• Butterfly Swords

    Released by: Well Go USA

    Released on: July 6, 2012.

    Director: Michael Mak

    Cast: Michelle Yeoh, Donnie Yen, Tony Leung

    Year: 1993

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    The Movie:

    Butterfly Swords is a retitling of the film originally known as Butterfly And Sword. Why it was given this retitling is anyone’s guess, but it has and that’s that. So what’s it all about? Well, that’s a good question.

    Set in the past, the story follows some events that revolve around The Happy Forest where a group of assassins live. These assassins are hired by a mysterious customer to steal a letter out of the hands of Grand Eunuch Tsao. Why? Because it contains some sensitive information, the kind that, should it get out, will most certainly cause a rebellion and set the land into chaos, making it all the easier for the mysterious customer to swoop in and take over.

    Thankfully, all hope is not lost – a band of heroes made up of Lady Ko (Michelle Yeoh), Sing (Tony Leung) and Yip Cheung (Donnie Yen) take it upon themselves to join together and stop the Happy Forest assassins for ruining everyone’s day. Sing, on the other hand, has the hots for Butterfly (Joey Wang), who thinks he is a fisherman and not a deadly warrior – but Ko ha the hots for Sing, so things are going to get complicated.

    This movie is a mess, at least as far as the story goes. It’s all over the place – there are loads of threads that don’t wind up going anywhere and characters are introduced and then disappear for reasons known only to the writers. But this isn’t the type of movie you watch for deep, thought provoking drama or a multilayered mystery – this is the type of movie you watch for immense amounts of ass kicking. On that level, the film delivers, and a lot of the credit for that has to go to the lovely and talented Michelle Yeoh, who looks amazing here and proves here as she has in countless other films that she’s now slouch in the martial arts department either. Tony Leung is charming and cool while Donnie Yen is slick and fast, showing off some great fight skills here as well. All involved do a fine job, but this is really Michelle Yeoh’s show all the way through.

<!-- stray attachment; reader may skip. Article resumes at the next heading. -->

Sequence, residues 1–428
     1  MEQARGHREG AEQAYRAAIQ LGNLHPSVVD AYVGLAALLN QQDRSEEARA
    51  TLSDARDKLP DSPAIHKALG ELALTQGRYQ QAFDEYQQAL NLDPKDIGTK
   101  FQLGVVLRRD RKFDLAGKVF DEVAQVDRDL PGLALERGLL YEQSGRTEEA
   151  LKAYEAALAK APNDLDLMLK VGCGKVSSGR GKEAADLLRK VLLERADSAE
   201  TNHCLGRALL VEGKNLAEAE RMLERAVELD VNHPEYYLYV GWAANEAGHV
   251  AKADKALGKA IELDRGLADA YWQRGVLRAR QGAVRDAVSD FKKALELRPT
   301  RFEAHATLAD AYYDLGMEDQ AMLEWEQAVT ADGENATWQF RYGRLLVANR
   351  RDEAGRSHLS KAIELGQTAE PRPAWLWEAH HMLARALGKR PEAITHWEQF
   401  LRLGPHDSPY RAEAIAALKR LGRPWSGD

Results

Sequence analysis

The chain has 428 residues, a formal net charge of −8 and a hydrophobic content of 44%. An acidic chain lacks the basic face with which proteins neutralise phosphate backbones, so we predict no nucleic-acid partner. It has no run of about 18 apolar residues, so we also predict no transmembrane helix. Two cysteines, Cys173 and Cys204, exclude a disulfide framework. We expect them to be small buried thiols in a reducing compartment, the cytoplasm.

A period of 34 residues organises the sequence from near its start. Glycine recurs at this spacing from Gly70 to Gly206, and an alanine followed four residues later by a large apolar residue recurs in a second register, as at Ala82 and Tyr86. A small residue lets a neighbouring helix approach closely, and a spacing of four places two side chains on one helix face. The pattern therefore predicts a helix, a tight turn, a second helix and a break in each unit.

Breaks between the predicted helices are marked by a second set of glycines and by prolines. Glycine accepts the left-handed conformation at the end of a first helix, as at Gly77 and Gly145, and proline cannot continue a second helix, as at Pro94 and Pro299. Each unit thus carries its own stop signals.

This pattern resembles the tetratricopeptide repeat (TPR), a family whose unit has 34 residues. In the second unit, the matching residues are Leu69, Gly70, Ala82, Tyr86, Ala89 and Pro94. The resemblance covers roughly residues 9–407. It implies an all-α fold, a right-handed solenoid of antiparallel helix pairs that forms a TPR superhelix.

Story be damned, the action scenes are impressive here. There’s a great sense of fluidity that works in the movies favor and they come at you quickly throughout the film. The quality of the combat is great and there’s loads of style and cool costumes worked into the visual side of things as well. If Butterfly And Sword doesn’t rank up there with the best films of its ilk, it’s still worth seeing so long as you go into it in the right frame of mind. There’s fun to be had here, even if it doesn’t always make a lot of sense.


    Despite what it says on the packaging, the widescreen transfer is non-anamorphic, a pretty big strike against this disc and definitely a disappointment. Colors look weak though black levels aren’t bad and the movie looks framed properly but the lack of 16x9 enhancement in this day and age will understandably irk some fans and probably prevent a few more from buying it. The image also could and should have looked cleaner than it does here.

    The Chinese language audio, available in Dolby Digital 5.1 Surround Sound and Dolby Digital 2.0 Stereo with optional English subtitles, fares better but isn’t going to floor you. Sometimes the directional effects sound a bit off. For the most part though, the audio is alright. Not amazing, but alright – you can follow along without any issues and the levels are balanced properly.

    Aside from a menu and chapter selection, there are no extra features on the disc.

    The Final Word:

    Butterfly And Sword is a fun movie. It’s not a great movie, the story is all over the place and is frequently too scattered for its own good, but it offers up some great action scenes, a good amount of high quality ass kicking and a cool cast. The DVD from Well Go USA is a disappointment, however. Not only is the transfer poor but there are no extras at all.

    Comments 1 Comment
    1. Wally West's Avatar
      Wally West -
      I saw this at the store the other day. It listed Mandarin as the original language available. I may be wrong but isn't it suppose to be Cantonese?